EuroSafe Imaging 2020
Action 2 - Clinical diagnostic reference levels (DRLs), Abdomen, Thorax, CT, Diagnostic procedure, Dosimetric comparison, Retrospective, Observational, Multicentre study
H. Brat, B. dufour, P. Pujadas, B. Rizk, D. Fournier, F. Zanca
Dose Reference Levels (DRLs) are used in Medical Imaging clinical routine to indicate whether the dose to the patient is unusually high or low for a specific procedure and they are typically defined for anatomical regions.
The typical DRL quantity is volume CT dose index (CTDIvol), which is a standardized dose measurement in homogeneous phantoms and does not account for patient size.
Recently, the International Commission on Radiological Protection (ICRP) publication 135 (1) stressed the importance of clinical DRLs (CDRLs) to define more specific dose levels according to the needed image quality for a specific clinical indication.
- Example: the same DRLs for CT of the chest is applied to a work-up for pulmonary embolism, lung cancer or even coronary calcium scoring, which require different image quality levels, and should have different DRLs, in line with the ALARA principle.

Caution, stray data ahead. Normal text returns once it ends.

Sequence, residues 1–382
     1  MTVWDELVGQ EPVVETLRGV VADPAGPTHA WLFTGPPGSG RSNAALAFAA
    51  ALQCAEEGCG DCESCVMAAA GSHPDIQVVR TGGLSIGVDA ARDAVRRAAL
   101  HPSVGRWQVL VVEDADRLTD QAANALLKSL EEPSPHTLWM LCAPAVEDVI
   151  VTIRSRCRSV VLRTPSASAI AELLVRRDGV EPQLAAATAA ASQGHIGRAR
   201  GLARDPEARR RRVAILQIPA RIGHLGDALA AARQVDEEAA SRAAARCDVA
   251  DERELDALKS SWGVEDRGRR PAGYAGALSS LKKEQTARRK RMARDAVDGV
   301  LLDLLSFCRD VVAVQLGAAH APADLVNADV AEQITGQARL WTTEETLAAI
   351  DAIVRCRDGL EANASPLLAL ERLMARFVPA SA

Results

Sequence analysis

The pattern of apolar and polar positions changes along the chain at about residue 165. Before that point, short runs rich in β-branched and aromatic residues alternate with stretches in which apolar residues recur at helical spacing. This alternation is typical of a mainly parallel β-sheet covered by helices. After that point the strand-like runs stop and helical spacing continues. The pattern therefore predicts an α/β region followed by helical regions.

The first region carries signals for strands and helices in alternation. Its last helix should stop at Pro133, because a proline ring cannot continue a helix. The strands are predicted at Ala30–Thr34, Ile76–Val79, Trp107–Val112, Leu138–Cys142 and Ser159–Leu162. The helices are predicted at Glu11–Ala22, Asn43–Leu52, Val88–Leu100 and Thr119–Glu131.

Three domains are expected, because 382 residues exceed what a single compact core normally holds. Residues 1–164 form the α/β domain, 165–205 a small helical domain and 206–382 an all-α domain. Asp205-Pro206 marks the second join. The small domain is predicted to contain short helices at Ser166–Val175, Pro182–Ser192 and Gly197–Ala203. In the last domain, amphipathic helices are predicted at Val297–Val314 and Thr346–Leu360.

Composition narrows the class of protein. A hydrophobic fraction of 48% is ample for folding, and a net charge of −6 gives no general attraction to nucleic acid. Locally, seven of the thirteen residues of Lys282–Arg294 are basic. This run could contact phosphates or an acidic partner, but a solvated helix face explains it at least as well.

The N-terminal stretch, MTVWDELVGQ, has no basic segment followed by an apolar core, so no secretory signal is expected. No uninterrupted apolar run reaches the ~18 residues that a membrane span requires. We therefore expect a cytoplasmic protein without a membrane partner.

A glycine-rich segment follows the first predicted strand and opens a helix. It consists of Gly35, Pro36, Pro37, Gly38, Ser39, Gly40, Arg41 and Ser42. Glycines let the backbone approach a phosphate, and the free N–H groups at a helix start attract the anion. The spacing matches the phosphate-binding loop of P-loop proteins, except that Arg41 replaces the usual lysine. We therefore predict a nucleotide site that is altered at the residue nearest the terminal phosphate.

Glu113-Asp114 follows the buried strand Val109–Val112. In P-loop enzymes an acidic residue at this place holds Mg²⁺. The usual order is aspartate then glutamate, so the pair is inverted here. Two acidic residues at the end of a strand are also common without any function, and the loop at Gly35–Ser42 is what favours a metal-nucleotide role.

Based on that, the Eurosafe Imaging (European Society of Radiology) has performed a European prospective study (EUCLID, 2018-2019) to develop a set of CDRLs based on clinical indication, to limit large variations in dose levels for the same type of examinations across Europe.
In a recent study by Brat et al. (2), this concept has been extended further and CDRLs based on CTDIvol accounting for patient size through Body-Mass Index (BMI) have been proposed, allowing improved optimization of CT doses.
While these results are very promising and state-of-the art, using a DRL metric which incorporates patient size would be desirable.
In the past years, the concept of Size-Specific Dose Estimates (SSDE) was introduced by the American Association of Physicists in Medicine (AAPM) as a new index of radiation dose (3). It is derived from CTDIvol, by incorporating CTDIvol correction factors in function of patient effective diameter (Deff).
However, it is not always nor easily available before examinations, and has not yet been fully studied as a diagnostic reference level quantity to possibly replace CTDIvol.